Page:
From 1935, Wald served as an instructor and tutor in Biology, later taking up the post of a Faculty Instructor from 1939 to 1944, Associate Professor from 1944 to 1948 and finally Professor of Biology from 1948. Meanwhile, in the summer term of 1956, Wald served as the Visiting Professor of Biochemistry at the University of California. At Harvard University, Wald indulged in studies that showed how vitamin A improved vision. He also studied how cells in the retina perceive color, black and white, and passed images to the brain. Through his research and experiments, Wald discovered that Vitamin A was a component of the retina. He also showed that when pigment rhodopsin was exposed to light, it yielded the protein opsin and a compound containing vitamin A. This suggested that vitamin A was essential in retinal function.

Wald spoke out on many political and social issues and his fame as a Nobel laureate brought national and international attention to his views. He was a vocal opponent of the Vietnam War and the nuclear arms race. Speaking at MIT in 1969 Wald bemoaned that “Our government has become preoccupied with death, with the business of killing and being killed.” In 1980, Wald served as part of Ramsey Clark’s delegation to Iran during the Iran hostage crisis.

By the early 1950s, Wald had succeeded in elucidating the chemical reactions involved in the vision process of the rods (receptors on the retina used for night vision). In the late 1950s, with Paul K. Brown, he identified the pigments in the retina that are sensitive to yellow-green light and red light and in the early 1960s the pigment sensitive to blue light. Wald and Brown also discovered the role of vitamin A in forming the three color pigments and showed that color blindness is caused simply by the absence of one of them. Wald became professor emeritus at Harvard in 1977. Leaving Harvard in 1977, Wald lectured and traveled widely in the interest of peace and human rights.

Wald’s early brilliance as a communicator led his parents to suggest he should become an attorney. In fact, his skills made him an inspiring and highly acclaimed teacher. In May 1966, Time Magazine featured him as one of America’s 10 greatest college teachers. His introduction to biology course The Nature of Living Things became a legend at Harvard. Delivered by a renowned Nobel Prize winner, it was taken by many beginning students as their only science course. Wald’s enthusiasm and eloquence converted more than a few art students to become biology majors.

In 1980, Wald traveled to Iran during the hostage crisis, though he was forbidden to do so. In 1986, along with other Nobel laureates he was invited to fly to Moscow to advise Mikhail Gorbachev on environmental questions. Upon meeting Gorbahev, Wald fearlessly asked the former about the arrest, detention, and exile of Yelena Bonner and her husband, fellow Nobel laureate Andrei Sakharov. Interestingly, Gorbachev knew nothing about it and acted upon it almost immediately, releasing Bonner and Sakharov, in December 1986.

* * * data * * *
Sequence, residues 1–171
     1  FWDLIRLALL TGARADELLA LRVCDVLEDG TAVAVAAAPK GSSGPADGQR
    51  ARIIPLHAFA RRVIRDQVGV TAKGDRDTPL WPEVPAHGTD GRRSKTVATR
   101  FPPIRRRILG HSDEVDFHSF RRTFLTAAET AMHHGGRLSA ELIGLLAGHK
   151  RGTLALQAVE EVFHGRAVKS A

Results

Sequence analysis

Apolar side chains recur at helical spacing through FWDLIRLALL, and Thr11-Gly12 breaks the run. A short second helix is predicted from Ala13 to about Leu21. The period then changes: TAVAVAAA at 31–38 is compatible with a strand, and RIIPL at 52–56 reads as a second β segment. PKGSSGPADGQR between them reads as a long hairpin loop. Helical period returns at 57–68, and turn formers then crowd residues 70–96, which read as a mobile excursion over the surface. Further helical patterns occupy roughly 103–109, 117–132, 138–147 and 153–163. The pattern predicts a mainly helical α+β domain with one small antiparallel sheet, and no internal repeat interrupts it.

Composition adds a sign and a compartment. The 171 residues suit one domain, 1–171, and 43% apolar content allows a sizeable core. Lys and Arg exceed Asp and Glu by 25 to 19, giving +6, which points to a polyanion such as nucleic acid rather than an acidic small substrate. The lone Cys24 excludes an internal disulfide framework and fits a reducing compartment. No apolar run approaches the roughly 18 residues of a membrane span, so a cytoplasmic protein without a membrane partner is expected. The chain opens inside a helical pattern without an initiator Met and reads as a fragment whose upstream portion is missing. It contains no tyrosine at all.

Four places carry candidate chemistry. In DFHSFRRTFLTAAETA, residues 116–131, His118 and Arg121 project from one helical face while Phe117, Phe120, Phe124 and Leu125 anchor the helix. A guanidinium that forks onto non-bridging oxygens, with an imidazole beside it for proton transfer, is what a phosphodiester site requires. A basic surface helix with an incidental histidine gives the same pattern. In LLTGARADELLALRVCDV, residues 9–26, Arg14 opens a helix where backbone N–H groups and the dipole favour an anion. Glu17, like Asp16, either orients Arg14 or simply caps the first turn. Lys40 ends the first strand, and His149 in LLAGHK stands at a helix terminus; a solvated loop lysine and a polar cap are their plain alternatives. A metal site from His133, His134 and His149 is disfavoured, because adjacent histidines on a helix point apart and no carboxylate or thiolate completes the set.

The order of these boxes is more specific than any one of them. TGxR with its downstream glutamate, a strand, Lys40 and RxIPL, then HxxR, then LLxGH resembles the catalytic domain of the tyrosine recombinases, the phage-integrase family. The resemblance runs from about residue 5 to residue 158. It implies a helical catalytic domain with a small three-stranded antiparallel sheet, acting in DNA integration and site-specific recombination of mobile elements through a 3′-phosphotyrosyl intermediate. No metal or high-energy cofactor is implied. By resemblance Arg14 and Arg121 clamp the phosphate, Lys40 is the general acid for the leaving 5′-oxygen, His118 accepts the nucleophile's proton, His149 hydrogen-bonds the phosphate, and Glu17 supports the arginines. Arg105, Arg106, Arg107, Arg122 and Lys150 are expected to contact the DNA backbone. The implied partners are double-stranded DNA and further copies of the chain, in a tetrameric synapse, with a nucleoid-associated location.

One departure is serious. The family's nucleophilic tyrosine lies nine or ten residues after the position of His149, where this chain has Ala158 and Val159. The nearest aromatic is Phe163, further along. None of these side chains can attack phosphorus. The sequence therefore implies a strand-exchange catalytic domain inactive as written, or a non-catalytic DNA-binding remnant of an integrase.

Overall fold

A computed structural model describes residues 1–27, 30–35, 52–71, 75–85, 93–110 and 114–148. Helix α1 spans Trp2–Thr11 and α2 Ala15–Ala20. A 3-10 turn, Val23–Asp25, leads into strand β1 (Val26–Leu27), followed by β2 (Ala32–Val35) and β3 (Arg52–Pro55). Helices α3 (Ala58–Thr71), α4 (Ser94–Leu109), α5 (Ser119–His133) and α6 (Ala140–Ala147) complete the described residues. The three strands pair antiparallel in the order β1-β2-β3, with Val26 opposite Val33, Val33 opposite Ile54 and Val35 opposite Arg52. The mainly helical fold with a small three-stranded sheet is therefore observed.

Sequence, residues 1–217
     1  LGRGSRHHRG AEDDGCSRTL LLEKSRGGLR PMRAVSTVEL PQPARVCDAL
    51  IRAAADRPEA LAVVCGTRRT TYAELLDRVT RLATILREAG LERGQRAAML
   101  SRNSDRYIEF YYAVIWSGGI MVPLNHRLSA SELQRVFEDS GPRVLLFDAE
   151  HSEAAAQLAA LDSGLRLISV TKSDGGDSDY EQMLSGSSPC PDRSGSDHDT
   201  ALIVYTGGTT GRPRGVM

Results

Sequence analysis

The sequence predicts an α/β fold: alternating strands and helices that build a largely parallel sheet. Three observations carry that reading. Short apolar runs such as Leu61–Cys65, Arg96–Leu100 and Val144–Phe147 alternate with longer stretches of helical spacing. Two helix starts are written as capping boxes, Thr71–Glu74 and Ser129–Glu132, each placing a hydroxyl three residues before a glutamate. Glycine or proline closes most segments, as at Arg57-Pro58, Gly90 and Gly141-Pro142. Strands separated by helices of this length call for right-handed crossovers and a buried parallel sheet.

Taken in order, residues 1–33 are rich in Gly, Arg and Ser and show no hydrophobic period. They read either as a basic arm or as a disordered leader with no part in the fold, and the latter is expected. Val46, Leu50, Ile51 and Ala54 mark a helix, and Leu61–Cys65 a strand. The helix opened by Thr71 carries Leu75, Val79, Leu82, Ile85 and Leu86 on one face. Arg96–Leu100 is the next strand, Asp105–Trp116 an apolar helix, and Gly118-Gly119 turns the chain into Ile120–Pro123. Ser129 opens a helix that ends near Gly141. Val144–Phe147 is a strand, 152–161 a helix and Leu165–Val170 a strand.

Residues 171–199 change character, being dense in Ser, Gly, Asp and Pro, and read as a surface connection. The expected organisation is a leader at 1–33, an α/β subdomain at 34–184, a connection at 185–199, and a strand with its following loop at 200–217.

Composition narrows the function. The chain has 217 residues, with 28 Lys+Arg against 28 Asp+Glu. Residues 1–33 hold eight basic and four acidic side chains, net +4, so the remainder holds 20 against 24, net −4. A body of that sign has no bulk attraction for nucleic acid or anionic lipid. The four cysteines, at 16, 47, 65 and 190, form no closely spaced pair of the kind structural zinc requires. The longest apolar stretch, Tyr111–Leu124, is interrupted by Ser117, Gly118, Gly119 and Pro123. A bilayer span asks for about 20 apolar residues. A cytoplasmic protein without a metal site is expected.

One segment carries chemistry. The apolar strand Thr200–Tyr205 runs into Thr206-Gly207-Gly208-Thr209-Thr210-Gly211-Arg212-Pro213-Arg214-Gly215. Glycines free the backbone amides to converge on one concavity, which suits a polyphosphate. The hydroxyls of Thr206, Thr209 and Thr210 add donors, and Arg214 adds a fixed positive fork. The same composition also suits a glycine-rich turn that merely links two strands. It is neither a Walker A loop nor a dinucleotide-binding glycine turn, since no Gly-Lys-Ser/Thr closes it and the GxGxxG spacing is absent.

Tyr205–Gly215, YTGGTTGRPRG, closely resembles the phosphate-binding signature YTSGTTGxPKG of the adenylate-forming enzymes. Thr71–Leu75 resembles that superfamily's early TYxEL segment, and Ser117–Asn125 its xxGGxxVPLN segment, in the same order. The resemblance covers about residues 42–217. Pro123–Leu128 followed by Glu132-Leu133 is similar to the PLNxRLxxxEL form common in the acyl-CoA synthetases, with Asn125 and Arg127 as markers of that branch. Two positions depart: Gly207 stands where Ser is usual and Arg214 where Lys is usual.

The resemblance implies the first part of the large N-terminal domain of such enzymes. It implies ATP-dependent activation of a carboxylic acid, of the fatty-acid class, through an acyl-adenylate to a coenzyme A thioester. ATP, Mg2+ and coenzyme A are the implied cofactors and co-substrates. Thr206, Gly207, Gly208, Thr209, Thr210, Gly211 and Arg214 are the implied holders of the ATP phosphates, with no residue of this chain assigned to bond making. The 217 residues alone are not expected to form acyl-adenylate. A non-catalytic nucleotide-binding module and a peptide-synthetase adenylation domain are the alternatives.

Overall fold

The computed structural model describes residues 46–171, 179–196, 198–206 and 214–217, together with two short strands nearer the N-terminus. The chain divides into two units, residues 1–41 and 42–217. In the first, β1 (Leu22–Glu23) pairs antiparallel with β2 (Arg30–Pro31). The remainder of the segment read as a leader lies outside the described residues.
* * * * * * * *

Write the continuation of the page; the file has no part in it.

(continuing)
In 1965, Wald was one of a number of people who signed a letter opposing American involvement in the Vietnam War. After winning the 1967 Nobel Prize, he knew his opinions would be more widely reported. He angered some of his fellow scientists when, at a US Embassy dinner in honor of American Nobel Prize winners, he made an anti-Vietnam War speech.

Awards and Honor

In 1967, George Wald, Ragnar Granit, and Haldan Keffer Hartline were jointly awarded the Nobel Prize in Physiology or Medicine “for their discoveries concerning the primary physiological and chemical visual processes in the eye”.

Wald was conferred with the Eli Lilly Award for Fundamental Research in Biochemistry from the American Chemical Society in 1939. In 1953, he was honored with the Lasker Award of the American Public Health Association for his outstanding discoveries in biochemistry.

In 1955, Wald received the Proctor Medal of the Association for Research in Ophthalmology. In 1959, he was bestowed with the Rumford Medal by the American Academy of Arts and Sciences.

In 1966, George Wald won the Ives Medal of the Optical Society of America. In 1967, he jointly received the Paul Karrer Medal by the University of Zurich with his wife, Ruth Hubbard.

Death and Legacy

George Wald died at age 90 of natural causes on April 12, 1997, in Cambridge, Massachusetts.

George Wald is known for his work on the physiology of the eye. His studies showed how vitamin A improved vision and how cells in the retina perceived colors and passed images to the brain. Through his experiments, he discovered that Vitamin A was a component of the retina. It was yielded when the pigment rhodopsin was exposed to light along with protein opsin. As such, he proved that vitamin A was essential in retinal function.


Information Source:

  4. wikipedia